How climate change affects animal behavior

Humans are shaping environments at an accelerating rate. Indeed, one of the most important current topics of research is the capacity of animals to adapt to human-induced environmental change and how that change affects the ...

Chimps learn 'handshakes' according to social group: study

Chimpanzees develop specific handshake-like gestures depending on their social group, according to the results of a 12-year observational study published on Wednesday that sheds light on the animals' complex social structures.

Palm oil plantations change the social behavior of macaques

Due to the extensive clearing of their habitat, these primates sometimes turn to palm oil monocultures while foraging. This often leads to conflicts with farmers. The macaques do not damage the palm oil fruits to any great ...

Safety signs help little penguin colony

Thanks to Flinders University researchers collaborating with the Department of Environment & Water and Green Adelaide, the creation of the new signs that identifies intrusive human interactions provides timely support for ...

Scientists monitor meerkats' response to returning zoo visitors

Experts in animal behavior at Nottingham Trent University, Harper Adams University and Twycross Zoo studied the behavior of meerkats at several zoos both during lockdown when there were suddenly no visitors, and then again ...

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Ethology

Ethology (from Greek: ἦθος, ethos, "character"; and -λογία, -logia) is the scientific study of animal behavior, and a sub-topic of zoology (not to be confused with ethnology, which compares and contrasts different human cultures).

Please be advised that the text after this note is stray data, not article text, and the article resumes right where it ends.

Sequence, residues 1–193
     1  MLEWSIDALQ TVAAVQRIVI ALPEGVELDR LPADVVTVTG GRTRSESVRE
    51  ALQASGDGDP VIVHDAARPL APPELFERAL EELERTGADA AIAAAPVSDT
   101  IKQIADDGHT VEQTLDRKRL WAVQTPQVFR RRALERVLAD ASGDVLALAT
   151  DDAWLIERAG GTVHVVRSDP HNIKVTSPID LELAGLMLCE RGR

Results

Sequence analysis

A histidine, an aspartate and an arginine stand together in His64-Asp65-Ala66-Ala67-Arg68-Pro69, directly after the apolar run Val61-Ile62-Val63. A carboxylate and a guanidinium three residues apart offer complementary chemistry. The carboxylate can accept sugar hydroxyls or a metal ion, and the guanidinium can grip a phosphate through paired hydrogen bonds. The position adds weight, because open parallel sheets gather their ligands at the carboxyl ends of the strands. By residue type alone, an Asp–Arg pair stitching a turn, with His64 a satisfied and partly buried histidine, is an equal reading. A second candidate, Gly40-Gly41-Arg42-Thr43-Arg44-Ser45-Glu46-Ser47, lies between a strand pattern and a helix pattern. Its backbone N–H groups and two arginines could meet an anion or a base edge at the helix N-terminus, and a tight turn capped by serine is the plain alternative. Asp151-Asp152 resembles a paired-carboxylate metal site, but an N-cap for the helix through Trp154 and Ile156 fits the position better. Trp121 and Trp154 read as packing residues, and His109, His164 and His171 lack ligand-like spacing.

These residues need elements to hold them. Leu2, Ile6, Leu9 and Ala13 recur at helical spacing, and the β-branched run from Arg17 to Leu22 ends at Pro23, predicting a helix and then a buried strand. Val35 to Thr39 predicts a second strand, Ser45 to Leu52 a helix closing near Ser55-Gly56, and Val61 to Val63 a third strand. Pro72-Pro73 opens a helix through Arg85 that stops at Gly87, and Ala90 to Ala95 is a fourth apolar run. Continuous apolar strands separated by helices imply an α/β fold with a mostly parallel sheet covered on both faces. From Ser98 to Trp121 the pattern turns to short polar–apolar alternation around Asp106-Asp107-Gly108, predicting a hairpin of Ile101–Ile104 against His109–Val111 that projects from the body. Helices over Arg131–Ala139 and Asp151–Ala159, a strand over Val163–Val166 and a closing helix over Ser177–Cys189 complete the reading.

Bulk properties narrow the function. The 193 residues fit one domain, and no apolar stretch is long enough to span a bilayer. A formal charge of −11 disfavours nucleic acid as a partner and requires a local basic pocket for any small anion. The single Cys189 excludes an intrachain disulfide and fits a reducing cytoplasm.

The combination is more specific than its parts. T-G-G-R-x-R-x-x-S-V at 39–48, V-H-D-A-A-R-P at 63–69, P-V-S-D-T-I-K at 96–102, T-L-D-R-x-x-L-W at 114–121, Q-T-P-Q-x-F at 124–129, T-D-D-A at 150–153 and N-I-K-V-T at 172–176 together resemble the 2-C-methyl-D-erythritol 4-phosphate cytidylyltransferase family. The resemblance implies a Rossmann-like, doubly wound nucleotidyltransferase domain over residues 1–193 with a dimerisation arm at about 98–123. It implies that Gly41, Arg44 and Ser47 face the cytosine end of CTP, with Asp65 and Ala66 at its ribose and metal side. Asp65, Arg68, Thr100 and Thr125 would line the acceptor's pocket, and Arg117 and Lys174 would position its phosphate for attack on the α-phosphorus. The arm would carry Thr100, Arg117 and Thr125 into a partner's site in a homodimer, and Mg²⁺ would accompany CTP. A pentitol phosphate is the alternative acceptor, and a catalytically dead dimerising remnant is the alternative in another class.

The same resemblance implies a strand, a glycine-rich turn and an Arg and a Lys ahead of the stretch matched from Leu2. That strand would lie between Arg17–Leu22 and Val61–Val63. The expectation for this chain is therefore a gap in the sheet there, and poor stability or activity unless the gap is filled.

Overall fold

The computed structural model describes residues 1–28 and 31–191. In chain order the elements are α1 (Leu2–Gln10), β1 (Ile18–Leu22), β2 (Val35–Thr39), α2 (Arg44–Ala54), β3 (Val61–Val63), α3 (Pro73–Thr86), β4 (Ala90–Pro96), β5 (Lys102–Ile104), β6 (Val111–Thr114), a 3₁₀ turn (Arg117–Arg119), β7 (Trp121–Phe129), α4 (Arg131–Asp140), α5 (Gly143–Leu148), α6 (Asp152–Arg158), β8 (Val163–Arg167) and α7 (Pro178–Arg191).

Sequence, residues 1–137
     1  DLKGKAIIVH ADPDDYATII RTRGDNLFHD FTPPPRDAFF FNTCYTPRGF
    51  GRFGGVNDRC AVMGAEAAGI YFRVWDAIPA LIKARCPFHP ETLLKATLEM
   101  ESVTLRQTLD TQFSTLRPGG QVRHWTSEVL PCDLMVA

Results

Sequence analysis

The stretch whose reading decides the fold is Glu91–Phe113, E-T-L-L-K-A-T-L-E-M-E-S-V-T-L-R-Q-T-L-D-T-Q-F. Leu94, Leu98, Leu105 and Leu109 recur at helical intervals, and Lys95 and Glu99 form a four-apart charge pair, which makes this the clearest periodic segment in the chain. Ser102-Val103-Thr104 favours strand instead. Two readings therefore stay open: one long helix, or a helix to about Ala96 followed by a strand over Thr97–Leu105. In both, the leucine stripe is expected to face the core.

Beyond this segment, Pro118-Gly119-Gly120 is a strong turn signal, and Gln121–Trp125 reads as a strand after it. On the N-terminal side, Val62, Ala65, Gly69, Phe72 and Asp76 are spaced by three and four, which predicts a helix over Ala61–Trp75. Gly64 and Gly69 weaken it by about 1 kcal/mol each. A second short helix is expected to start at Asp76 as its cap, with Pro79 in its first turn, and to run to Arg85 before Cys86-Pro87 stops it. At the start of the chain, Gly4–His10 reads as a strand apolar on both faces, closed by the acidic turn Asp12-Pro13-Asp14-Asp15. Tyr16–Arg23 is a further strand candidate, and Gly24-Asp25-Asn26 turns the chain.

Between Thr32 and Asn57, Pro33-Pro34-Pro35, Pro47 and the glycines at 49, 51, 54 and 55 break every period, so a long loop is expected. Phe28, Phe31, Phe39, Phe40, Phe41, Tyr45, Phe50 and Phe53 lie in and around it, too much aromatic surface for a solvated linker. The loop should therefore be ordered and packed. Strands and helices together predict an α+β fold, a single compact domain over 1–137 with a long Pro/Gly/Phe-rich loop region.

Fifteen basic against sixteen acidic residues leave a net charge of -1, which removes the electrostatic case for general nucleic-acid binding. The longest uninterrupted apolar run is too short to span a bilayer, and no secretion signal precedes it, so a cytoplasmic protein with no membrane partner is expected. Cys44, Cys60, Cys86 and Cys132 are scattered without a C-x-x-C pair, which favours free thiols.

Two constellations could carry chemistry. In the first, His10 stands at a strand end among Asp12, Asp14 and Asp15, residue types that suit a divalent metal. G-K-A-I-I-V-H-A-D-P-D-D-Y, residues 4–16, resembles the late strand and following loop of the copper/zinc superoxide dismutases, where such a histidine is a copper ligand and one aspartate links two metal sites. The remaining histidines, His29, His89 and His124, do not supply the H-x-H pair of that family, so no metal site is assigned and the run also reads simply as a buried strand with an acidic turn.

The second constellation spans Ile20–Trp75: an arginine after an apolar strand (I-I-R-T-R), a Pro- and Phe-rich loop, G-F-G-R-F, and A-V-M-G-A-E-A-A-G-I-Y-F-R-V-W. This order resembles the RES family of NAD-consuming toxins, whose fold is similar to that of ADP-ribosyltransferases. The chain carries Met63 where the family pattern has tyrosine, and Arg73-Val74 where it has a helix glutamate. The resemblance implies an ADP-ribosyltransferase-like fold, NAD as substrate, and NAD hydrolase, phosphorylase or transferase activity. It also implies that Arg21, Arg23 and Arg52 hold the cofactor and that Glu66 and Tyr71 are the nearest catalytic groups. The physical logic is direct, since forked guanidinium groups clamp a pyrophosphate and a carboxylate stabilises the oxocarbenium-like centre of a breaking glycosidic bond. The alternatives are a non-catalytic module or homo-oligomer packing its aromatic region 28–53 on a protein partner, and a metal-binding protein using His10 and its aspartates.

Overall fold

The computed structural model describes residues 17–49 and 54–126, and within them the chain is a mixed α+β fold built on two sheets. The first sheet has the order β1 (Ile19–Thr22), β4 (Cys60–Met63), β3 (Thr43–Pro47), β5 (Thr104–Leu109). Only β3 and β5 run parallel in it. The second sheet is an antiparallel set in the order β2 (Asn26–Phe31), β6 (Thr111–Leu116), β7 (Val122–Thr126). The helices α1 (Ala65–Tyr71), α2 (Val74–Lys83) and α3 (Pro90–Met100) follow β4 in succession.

Although many naturalists have studied aspects of animal behavior throughout history, the modern discipline of ethology is generally considered to have begun with the work during the 1930s of Dutch biologist Nikolaas Tinbergen and Austrian biologist Konrad Lorenz, joint winners of the 1973 Nobel Prize in medicine. Ethology is a combination of laboratory and field science, with a strong relation to certain other disciplines — e.g., neuroanatomy, ecology, evolution. Ethologists are interested typically in a behavioral process rather than in a particular animal group and often study one type of behavior (e.g. aggression) in a number of unrelated animals.

The desire to understand animals has made ethology a rapidly growing topic, and since the turn of the 21st century, many prior understandings related to diverse fields such as animal communication, personal symbolic name use, animal emotions, animal culture and learning, and even sexual conduct, long thought to be well understood, have been modified, as have new fields such as neuroethology.

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